us. This means simply, because we were caught in the impossibility
of a sinful nature, He took our place and paid the ultimate penalty for
We come upon this in Rom 5:12. Wherefore, as by one man sin entered into the world, and death by sin; and so death passed upon all men, for that all have sinned. In the Greek New Testament, both the words sin and death have the Definite Article ("the") with them. This would make the verse read like this: "Wherefore, as by one man the sin entered the world, and the death by the sin; and so the death passed upon all men, for that all have sinned."
That one man was Adam, made in the likeness of God but persuaded away from Him by that old serpent, called the Devil, and Satan, which deceiveth the whole world... (Rev 12:9). By Adam, The Sin entered the race.
In Rom 5:12, sin is from two Greek words ha hamartía. Ha is the Definite Article, "the." Hamartía is a word to which we've made reference before. It means "the missing of a mark." It is sin in the sense of our walking in error, travelling on the wrong path, of doing the wrong thing. It becomes, however, more a matter of what we are than what we do. From Rom 5:12 through 8:10, Paul made use of ha hamartía, "the sin," over thirty times. Think of it. There was a definiteness about what he was laying out as he told of the strong connection every one of us has to the sin of the first man, Adam. Like an underground nodule, this sin has released its nature into everyone. This is that from which Jesus wrestled its power.
The sin brings with it every kind of sickness there is, along with the penalty of the death. This is the other ruling force that has laid hold on all the descendents of Adam. It was the sin Jesus took on when He entered the realm of the death and obtained our salvation. He broke the power of both.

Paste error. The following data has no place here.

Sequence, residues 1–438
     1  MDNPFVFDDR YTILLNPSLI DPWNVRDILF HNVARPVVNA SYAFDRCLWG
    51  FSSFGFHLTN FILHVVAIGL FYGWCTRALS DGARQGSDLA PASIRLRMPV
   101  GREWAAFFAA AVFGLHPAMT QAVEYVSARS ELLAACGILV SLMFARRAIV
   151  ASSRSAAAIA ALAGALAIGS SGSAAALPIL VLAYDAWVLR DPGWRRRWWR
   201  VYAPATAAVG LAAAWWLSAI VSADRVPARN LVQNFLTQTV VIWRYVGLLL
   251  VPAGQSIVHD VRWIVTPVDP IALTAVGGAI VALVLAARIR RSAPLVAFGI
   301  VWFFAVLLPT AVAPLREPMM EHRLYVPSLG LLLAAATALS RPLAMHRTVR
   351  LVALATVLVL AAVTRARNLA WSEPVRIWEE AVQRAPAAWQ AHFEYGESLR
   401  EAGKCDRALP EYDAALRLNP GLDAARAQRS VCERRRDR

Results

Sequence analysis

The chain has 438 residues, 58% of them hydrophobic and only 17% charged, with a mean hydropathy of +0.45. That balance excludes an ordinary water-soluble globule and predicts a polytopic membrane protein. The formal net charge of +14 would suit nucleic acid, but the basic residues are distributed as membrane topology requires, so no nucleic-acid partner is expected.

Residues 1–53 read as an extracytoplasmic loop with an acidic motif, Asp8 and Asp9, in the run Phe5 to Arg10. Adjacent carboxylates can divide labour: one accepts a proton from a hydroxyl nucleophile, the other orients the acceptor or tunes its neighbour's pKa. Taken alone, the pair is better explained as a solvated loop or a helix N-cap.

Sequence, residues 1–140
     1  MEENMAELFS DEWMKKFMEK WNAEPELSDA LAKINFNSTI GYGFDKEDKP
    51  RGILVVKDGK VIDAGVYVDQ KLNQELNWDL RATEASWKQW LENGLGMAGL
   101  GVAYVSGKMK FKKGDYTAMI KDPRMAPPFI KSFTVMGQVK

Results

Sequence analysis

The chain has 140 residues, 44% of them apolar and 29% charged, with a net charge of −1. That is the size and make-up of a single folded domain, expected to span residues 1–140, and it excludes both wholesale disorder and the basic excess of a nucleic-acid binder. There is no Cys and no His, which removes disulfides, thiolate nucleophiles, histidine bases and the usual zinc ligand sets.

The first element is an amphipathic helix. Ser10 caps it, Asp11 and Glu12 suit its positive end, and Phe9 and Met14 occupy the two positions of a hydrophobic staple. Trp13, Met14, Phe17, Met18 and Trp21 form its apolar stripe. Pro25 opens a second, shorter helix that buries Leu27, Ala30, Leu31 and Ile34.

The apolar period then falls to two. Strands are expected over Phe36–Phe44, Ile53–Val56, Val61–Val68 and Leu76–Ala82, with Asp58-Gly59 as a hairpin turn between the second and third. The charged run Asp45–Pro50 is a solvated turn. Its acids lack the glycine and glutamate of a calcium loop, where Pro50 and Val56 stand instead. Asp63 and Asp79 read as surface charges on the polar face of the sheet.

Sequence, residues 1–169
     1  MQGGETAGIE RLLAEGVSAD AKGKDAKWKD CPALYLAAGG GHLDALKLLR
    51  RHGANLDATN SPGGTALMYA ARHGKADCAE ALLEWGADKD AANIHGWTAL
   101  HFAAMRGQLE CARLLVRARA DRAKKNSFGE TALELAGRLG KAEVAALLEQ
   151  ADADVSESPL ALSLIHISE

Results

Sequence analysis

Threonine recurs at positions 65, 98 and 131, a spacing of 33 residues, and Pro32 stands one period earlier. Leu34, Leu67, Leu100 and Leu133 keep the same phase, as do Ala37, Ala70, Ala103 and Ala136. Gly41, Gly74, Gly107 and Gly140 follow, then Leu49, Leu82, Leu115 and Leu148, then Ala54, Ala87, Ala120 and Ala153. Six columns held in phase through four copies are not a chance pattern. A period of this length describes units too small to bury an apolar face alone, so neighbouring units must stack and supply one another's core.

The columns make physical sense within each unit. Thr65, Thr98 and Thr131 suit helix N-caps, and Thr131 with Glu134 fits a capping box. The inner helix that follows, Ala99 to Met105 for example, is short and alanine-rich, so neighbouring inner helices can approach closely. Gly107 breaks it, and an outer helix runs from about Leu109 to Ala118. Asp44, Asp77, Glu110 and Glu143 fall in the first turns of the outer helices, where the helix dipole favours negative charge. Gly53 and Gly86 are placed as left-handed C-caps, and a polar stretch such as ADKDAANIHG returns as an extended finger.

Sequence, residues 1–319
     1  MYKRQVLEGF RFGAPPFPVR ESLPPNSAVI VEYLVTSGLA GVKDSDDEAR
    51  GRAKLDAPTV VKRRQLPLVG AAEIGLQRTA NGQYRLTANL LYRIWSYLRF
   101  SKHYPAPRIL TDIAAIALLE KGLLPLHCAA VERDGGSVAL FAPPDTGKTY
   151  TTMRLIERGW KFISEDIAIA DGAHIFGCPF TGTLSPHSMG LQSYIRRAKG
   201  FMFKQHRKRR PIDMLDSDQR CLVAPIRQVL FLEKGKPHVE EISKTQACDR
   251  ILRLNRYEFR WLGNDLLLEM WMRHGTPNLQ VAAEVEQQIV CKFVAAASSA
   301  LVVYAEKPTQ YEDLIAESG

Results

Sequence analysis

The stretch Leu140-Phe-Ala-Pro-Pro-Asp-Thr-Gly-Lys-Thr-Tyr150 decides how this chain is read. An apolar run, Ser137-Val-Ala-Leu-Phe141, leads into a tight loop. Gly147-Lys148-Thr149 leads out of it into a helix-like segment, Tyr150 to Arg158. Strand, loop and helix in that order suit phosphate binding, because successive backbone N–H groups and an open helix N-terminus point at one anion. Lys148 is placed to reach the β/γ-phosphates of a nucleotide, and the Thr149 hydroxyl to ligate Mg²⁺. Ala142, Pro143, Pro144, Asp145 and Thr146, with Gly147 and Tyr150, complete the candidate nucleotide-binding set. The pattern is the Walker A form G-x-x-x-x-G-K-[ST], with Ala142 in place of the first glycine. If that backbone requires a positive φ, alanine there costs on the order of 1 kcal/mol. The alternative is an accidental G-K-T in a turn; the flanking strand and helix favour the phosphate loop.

That grass in my garden showed how sin works. The blades above ground
were like sinful acts. The root beneath the surface was like sin
within us. Beneath them all was the nodule sending its nature to the
many clumps of grass. This is how the sin sends its nature to all
mankind. I could not rid my garden of the grass by simply scraping the
ground, even though it would appear clean for a while. I had to remove
the roots. This breaking up of the ground made way for growing good plants.
Eventually, however, the nodules left in the ground would send their shooting
roots back toward the surface and the same ugly grass would grow up and
crowd out the good plants. To rid my garden of the undesirable grass,
I must rid it of the deepest source of trouble, the nodule that produced
the roots that produced the grass.